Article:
Farmers may soon be able to predict the size of their crop before it is planted, if the results of a new test are anything to go by. The test, developed by a team at Michigan State University, measures the active, labile fraction of organic matter in the soil. “This is usually less than 20%,” explains researcher Steve Culman. “But it’s where soil nutrients are rapidly cycled and interact with microbial communities.”
The size of the labile pool can be a useful predictor of maize agronomic performance, but tests traditionally used to measure it, such as microbial biomass and particulate organic matter, are labour-intensive. So the researchers turned to a simple, inexpensive test for nitrogen and carbon mineralisation, measuring soils managed under three separate practices – conventional, integrated, and compost – and two crop rotations.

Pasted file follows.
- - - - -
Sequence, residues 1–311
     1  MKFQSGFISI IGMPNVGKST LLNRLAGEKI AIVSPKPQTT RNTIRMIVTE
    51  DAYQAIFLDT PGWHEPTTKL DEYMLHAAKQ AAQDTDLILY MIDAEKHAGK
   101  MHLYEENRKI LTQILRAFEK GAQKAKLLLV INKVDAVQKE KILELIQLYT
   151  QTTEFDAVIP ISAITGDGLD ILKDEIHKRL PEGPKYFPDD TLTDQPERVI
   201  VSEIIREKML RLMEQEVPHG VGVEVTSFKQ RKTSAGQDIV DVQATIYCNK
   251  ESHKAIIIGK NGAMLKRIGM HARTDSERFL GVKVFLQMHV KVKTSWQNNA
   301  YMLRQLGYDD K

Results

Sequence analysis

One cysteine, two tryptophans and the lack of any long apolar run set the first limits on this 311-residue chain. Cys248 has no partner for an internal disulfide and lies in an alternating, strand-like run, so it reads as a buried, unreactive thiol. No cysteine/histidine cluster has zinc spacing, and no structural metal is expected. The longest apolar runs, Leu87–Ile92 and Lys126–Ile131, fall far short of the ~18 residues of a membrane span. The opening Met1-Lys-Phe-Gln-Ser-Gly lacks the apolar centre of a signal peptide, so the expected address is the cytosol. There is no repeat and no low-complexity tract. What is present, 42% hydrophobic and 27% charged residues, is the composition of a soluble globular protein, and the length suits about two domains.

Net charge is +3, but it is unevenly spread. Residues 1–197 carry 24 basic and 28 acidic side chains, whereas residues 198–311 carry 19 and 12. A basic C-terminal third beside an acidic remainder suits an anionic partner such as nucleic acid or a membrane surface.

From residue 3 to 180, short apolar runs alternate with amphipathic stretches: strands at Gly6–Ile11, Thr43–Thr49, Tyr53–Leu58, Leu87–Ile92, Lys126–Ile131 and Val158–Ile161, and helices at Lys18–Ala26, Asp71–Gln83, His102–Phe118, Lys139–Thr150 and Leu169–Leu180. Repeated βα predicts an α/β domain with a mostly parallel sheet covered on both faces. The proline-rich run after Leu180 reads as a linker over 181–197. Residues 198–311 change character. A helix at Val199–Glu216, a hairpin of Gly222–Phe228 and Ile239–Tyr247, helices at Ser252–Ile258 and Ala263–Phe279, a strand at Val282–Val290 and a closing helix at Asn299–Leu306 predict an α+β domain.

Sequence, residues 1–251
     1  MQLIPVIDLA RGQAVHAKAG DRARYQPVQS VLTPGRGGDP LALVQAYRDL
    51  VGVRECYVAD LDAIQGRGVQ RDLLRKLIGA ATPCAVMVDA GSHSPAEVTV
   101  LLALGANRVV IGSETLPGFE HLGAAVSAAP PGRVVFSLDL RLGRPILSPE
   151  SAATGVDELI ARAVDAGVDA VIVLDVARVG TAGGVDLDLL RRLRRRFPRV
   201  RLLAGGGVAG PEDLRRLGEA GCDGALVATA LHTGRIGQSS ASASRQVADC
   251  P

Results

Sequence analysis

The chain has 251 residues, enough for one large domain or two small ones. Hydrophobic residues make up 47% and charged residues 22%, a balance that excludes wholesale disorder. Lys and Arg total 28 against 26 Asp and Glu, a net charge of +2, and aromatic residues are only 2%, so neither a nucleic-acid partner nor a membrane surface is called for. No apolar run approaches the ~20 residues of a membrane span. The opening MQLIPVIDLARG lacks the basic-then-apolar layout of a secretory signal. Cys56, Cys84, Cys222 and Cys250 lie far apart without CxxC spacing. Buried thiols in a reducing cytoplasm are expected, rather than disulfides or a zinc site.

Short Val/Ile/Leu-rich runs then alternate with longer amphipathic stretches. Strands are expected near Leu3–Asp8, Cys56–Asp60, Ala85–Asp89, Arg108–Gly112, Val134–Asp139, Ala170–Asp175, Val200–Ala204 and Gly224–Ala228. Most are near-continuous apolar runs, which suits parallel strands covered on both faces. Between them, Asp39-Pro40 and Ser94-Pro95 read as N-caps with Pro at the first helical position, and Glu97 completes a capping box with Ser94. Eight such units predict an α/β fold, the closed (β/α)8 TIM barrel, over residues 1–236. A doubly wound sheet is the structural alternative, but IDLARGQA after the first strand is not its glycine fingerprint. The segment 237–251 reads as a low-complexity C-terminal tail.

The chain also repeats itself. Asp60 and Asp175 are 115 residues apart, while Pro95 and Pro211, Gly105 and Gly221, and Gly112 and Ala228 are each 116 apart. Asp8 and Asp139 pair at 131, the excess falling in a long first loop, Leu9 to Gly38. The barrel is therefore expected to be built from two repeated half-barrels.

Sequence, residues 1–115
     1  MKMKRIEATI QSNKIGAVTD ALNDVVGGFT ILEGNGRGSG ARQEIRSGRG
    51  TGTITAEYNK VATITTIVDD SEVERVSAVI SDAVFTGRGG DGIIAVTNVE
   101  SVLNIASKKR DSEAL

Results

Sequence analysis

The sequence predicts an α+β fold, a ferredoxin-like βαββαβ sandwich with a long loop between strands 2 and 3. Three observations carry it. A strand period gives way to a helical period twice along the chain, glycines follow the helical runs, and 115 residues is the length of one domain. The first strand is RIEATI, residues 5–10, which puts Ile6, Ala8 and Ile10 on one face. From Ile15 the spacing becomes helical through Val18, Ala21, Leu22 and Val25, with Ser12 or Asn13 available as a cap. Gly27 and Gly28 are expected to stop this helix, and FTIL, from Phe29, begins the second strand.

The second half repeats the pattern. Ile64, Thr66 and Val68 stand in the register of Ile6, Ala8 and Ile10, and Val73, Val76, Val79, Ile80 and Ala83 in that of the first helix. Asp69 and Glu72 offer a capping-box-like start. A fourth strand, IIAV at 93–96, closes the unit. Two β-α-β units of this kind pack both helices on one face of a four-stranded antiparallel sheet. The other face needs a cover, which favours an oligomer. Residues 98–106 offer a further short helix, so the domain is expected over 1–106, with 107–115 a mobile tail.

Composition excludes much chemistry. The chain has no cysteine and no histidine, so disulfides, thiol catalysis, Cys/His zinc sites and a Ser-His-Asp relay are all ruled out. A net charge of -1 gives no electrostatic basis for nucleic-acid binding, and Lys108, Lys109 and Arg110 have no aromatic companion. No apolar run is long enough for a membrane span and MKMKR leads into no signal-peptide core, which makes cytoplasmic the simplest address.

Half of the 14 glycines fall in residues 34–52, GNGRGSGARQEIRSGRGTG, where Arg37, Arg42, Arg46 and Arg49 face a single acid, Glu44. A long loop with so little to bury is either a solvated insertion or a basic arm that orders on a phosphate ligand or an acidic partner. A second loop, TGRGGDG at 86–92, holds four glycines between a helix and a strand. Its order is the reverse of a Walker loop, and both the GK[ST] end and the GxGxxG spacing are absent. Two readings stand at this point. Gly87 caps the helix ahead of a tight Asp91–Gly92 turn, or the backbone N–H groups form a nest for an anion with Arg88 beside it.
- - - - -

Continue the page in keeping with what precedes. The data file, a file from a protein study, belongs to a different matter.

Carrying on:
The results suggest that these measures of labile organic matter can reflect long-term management and short-term seasonal changes as well as predict maize performance. The team hopes to provide farmers with better tools to manage their lands and increase crop yields. “Most farmers don’t test soil for nitrogen. They just apply a rate based on their yield goals, and excess nitrogen may be applied. The long-term goal would be to offer this as a predictive test so that farmers can apply the nitrogen according to soil type and management.”